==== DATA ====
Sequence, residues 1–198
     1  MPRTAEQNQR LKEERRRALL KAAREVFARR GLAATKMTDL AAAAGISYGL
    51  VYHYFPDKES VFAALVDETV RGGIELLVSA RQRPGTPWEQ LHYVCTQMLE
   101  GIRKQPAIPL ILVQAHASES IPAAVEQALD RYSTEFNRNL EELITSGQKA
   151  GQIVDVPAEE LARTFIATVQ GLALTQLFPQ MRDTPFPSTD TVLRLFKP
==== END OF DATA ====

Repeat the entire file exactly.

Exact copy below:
Sequence, residues 1–198
     1  MPRTAEQNQR LKEERRRALL KAAREVFARR GLAATKMTDL AAAAGISYGL
    51  VYHYFPDKES VFAALVDETV RGGIELLVSA RQRPGTPWEQ LHYVCTQMLE
   101  GIRKQPAIPL ILVQAHASES IPAAVEQALD RYSTEFNRNL EELITSGQKA
   151  GQIVDVPAEE LARTFIATVQ GLALTQLFPQ MRDTPFPSTD TVLRLFKP